If you have a class/program try: ““Announcing-the-Good-Stuff” Strategy: “Ultimately, courts look at X...”; “The upshot is...” Using the “Rupture Strategy” which directs students to something: “Look at page X...”; “On the screen, notice X...”, “Changing-up-the-Voice” Strategy with signal phrases like: “This would be a good exam question...” “ I want to flag for you...”, “The critical idea here is… or, rising intonation found in questions: “Because........?” “Problem-Posing” Strategy: “If we alter X, what might Y?” “Keep-the-Show-Moving” Strategy: may present info (5 min or less) switch 2) ask a question to the class (5 min or less) switch 3) direct students to book (5 min or less) switch, etc. “Moving-into-student’s-space” Strategy: Students redirect attention when professor moves toward off-task individuals (but surprisingly only for a short time).
Maybe… Maybe not…
Things to consider* Courses really need to be standardized and clear in the expectations of what the objectives are, as well as the method of assessment Actually difficult to accomplish on one’s own, absent some expertise- so use technology On the other hand, there are more one-on-one aspects to on-line work Student can repeat/review at own pace Student can determine with more accuracy where the problems are Quicker response time than pen and paper (ok, computer and response) Dan Bennett The Imperfect Art of Designing Online Courses, Chronicle of Higher Education April 29, 2012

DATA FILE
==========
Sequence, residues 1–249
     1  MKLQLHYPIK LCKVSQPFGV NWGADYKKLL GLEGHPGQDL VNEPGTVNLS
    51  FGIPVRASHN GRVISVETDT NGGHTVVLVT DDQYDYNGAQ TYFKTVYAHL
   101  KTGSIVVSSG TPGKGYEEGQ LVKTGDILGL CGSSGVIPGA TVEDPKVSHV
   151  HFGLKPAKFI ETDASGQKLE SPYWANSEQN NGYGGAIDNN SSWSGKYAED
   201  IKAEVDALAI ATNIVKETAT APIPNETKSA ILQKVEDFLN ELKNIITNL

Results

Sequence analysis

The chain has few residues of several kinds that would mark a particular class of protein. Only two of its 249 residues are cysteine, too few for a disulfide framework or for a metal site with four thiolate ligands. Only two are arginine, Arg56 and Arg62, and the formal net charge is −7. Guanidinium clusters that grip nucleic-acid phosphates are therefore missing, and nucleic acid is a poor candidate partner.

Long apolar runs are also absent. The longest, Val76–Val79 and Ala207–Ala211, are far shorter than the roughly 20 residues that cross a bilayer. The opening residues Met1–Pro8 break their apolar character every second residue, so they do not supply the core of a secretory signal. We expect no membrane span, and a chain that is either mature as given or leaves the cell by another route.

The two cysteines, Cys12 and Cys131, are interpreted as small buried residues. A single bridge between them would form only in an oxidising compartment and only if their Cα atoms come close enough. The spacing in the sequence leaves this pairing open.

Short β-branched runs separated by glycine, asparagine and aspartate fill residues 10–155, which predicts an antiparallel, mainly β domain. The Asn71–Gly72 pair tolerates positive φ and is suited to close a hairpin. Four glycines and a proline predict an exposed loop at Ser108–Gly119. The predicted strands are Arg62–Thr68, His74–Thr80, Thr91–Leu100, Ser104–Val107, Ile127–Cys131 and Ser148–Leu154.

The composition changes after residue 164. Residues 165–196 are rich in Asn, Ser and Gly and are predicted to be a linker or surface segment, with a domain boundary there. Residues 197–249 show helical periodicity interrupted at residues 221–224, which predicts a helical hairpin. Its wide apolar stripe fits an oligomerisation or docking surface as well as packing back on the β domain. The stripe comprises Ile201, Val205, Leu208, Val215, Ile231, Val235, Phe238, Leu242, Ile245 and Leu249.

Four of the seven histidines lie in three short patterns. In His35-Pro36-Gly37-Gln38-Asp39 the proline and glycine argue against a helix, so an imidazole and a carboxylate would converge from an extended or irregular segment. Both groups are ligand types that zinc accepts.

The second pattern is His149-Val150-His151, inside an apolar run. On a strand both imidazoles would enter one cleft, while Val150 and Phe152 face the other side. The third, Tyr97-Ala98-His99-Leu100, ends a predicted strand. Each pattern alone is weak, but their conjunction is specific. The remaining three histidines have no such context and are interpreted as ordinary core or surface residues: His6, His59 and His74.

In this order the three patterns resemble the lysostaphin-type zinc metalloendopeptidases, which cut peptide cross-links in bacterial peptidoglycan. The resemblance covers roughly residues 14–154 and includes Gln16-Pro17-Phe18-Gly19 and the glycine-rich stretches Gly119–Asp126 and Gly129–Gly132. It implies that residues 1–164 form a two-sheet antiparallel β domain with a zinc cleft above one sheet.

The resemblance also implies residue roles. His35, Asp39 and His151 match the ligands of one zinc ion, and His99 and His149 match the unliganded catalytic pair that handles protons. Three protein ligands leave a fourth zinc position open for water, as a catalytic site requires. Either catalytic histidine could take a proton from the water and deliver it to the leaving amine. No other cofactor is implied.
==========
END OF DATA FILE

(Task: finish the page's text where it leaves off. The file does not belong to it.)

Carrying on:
Possible ideas: Don’t forget to use what’s out there CALI and other on-line study aids Often for bar prep, can get the leading for profit programs (e.g. BarBri and the like) to work with you to prepare some m/c question Many companies are willing to help you create your own books Also NCBEX will sell for a cost And of course one can use clickers and the like So what is important is the personalize aspect – no matter how its accomplished Tutors TAS And of course, you.
Nagging by parents/undergrad experience can make 1Ls (particularly) vulnerable to time and self-motivation issues Not often enough did parents allow consequences to happen. Too much protection and fighting their children’s fights Too much programming suggests that students need to be told when to do things more If they think they are special and thus too sure of themselves – will they wait until it is too late to start?